Here are some insightful tips for achieving greater effectiveness in utilizing Business Aviation.
Business aircraft are valuable tools for advancing the goals of the enterprise. To measure effectiveness and provide oversight, however, there must be policies in place. When crafting those policies, the Board should consider the following perspective: how do you know if the aircraft is being used efficiently? This article offers tips for the senior executives and board members whose company employs business aircraft.
First, there needs to be a document stating how Business Aviation supports the company’s Vision, Mission and Guiding Principles. Ideally, this is part of an overall air transportation aircraft plan for the company that not only offers a rationale for an aircraft, but also offers the analysis for what type(s) of aircraft are being used. An aircraft justification should connect directly to the core mission of the corporation.
What is your company’s mission? How does the use of a business aircraft support that mission? Write it down.
Second, your company should have a written corporate travel policy that includes Business Aviation. It should state who is authorized to use the aircraft and who is authorized to make the aircraft available to those without direct authorization privileges. This document should be in the hands of everyone who has a need to travel. If For example, if the Senior VP of Engineering is authorized to use the business aircraft, that person needs to know the parameters that apply to exercising that authority.
With one client of ours, any C-level executive can authorize the aircraft use by any employee, but they must provide written justification for anyone below Senior VP level. Thus, this corporate travel policy also stresses accountability.
Corporate travel policy should address who has priority for use of the aircraft. Some of our client’s travel policies state that the aircraft’s primary user is the President/CEO. If they are not using the aircraft, then it can be scheduled by any other C-Level executive. In a few other instances, the corporate travel policy states “first come first served” among the authorized users.
Another policy requires a Senior VP or higher to be on board. Once the aircraft is scheduled, however, any employee with a legitimate business travel need can book a seat unless the aircraft trip is specifically blocked by the approving person. Each of these usage policies was develop with supporting the corporate mission in mind.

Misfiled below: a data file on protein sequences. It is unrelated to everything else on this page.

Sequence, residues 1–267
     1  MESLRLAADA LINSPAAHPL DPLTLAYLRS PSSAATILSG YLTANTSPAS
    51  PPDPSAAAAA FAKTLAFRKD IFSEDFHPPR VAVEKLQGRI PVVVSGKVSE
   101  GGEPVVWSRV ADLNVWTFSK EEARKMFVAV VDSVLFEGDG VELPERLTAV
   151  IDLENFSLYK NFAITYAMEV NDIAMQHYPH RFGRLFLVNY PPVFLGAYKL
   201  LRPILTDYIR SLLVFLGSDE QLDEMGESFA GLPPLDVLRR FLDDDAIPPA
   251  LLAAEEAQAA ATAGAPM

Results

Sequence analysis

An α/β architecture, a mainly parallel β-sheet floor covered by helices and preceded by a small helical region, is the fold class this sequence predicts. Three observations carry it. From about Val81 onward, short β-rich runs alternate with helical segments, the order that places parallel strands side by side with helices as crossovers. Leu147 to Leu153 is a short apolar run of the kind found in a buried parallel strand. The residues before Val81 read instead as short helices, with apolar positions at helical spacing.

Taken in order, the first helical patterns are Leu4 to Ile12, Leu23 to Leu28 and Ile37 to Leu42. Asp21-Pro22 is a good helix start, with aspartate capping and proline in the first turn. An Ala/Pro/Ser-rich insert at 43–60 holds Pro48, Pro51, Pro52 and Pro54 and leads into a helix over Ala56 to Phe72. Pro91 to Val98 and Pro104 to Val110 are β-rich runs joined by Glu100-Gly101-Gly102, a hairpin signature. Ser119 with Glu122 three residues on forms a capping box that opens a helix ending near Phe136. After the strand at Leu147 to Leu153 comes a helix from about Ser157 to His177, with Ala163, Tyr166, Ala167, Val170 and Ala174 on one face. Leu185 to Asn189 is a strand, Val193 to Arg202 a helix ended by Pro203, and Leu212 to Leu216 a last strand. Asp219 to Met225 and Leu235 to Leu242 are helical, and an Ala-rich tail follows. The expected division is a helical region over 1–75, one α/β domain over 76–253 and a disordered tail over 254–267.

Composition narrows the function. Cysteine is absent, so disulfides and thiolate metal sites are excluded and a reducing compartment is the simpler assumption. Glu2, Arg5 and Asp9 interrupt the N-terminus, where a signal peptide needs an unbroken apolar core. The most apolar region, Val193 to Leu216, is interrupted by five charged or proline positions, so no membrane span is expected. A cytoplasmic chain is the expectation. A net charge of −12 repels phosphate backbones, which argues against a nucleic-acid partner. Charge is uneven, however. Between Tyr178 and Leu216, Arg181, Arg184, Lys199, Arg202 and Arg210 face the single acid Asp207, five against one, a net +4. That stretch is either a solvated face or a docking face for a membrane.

Corporate travel policy should also address restrictions related to when senior executives travel in groups. Do you want the top four executives in your company all traveling in the same “vehicle” at the same time? I used the word vehicle because I’ve found that travel policies rarely extend to vehicles other than an aircraft, even though business aircraft have a significantly lower accident record than other means of transportation, such as automobiles.
In 2012, we did a survey of corporate flight departments, asking about senior travel restrictions. Among the results:
- 83% of “Fortune 500” respondents (with business aircraft) have some sort of senior executive travel restriction.
- Only one in five of the travel restrictions involved surface vehicles.
- An overwhelming percentage (96%) of those respondents with restrictions, limit the number of senior executives traveling together on the same vehicle.
If such a travel restriction is to be waived, who can do it? A “self-release” may not be the most wise alternative. I also recommend that the policy address all vehicles, not just aircraft.
I have found that the pilots are very “mission focused” and getting the job done is very much in their DNA. But safety is priority One. To support my friends in the cockpit, I strongly recommend a section in the aircraft use policy stating that safety of personnel is primary and that any decision by the pilot in command regarding safety must be accepted by passengers, without exception, and that such a policy is backed up 100% by the President/CEO.
To further strengthen accountability, policy regarding the use of the corporate aircraft must have the President/CEO’s signature.
Lastly, there needs to be tracking and a review of the aircraft use on a regular basis. The market changes, forcing business to adapt and change. We had one client in the tech industry that was awarded earn a very valuable, long-term contract outside the US. The Board decided that the business arrangement, as well as the opportunity for more business in that region, were sufficiently important enough to acquire get an aircraft dedicated to that long-range trip. They updated its aircraft justification and amended their corporate travel policy to address the use of this new aircraft.
Having a documented rationale for aircraft acquisition aircraft justification and tracking and reviewing that guidance on a regular basis are essential elements of Board governance for Business Aviation.